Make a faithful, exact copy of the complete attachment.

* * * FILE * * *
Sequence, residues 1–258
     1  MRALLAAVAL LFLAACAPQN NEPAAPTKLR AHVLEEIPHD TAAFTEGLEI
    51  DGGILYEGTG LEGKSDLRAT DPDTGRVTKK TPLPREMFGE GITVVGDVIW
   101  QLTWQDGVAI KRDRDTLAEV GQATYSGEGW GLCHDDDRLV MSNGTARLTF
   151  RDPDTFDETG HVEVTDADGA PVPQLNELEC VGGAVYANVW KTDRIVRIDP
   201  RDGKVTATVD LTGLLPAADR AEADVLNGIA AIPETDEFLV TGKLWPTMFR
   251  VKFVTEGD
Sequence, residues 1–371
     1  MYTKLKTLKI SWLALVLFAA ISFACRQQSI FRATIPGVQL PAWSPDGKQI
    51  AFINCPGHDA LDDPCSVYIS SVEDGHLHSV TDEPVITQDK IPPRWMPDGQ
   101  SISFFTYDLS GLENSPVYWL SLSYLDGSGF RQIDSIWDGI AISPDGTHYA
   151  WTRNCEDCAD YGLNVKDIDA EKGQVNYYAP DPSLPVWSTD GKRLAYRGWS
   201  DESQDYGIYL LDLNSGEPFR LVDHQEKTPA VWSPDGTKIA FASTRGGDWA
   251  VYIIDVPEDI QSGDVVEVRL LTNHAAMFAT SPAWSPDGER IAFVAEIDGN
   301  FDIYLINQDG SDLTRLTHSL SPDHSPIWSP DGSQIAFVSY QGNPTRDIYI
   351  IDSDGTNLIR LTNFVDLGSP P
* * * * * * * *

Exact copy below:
Sequence, residues 1–258
     1  MRALLAAVAL LFLAACAPQN NEPAAPTKLR AHVLEEIPHD TAAFTEGLEI
    51  DGGILYEGTG LEGKSDLRAT DPDTGRVTKK TPLPREMFGE GITVVGDVIW
   101  QLTWQDGVAI KRDRDTLAEV GQATYSGEGW GLCHDDDRLV MSNGTARLTF
   151  RDPDTFDETG HVEVTDADGA PVPQLNELEC VGGAVYANVW KTDRIVRIDP
   201  RDGKVTATVD LTGLLPAADR AEADVLNGIA AIPETDEFLV TGKLWPTMFR
   251  VKFVTEGD
Sequence, residues 1–371
     1  MYTKLKTLKI SWLALVLFAA ISFACRQQSI FRATIPGVQL PAWSPDGKQI
    51  AFINCPGHDA LDDPCSVYIS SVEDGHLHSV TDEPVITQDK IPPRWMPDGQ
   101  SISFFTYDLS GLENSPVYWL SLSYLDGSGF RQIDSIWDGI AISPDGTHYA
   151  WTRNCEDCAD YGLNVKDIDA EKGQVNYYAP DPSLPVWSTD GKRLAYRGWS
   201  DESQDYGIYL LDLNSGEPFR LVDHQEKTPA VWSPDGTKIA FASTRGGDWA
   251  VYIIDVPEDI QSGDVVEVRL LTNHAAMFAT SPAWSPDGER IAFVAEIDGN
   301  FDIYLINQDG SDLTRLTHSL SPDHSPIWSP DGSQIAFVSY QGNPTRDIYI
   351  IDSDGTNLIR LTNFVDLGSP P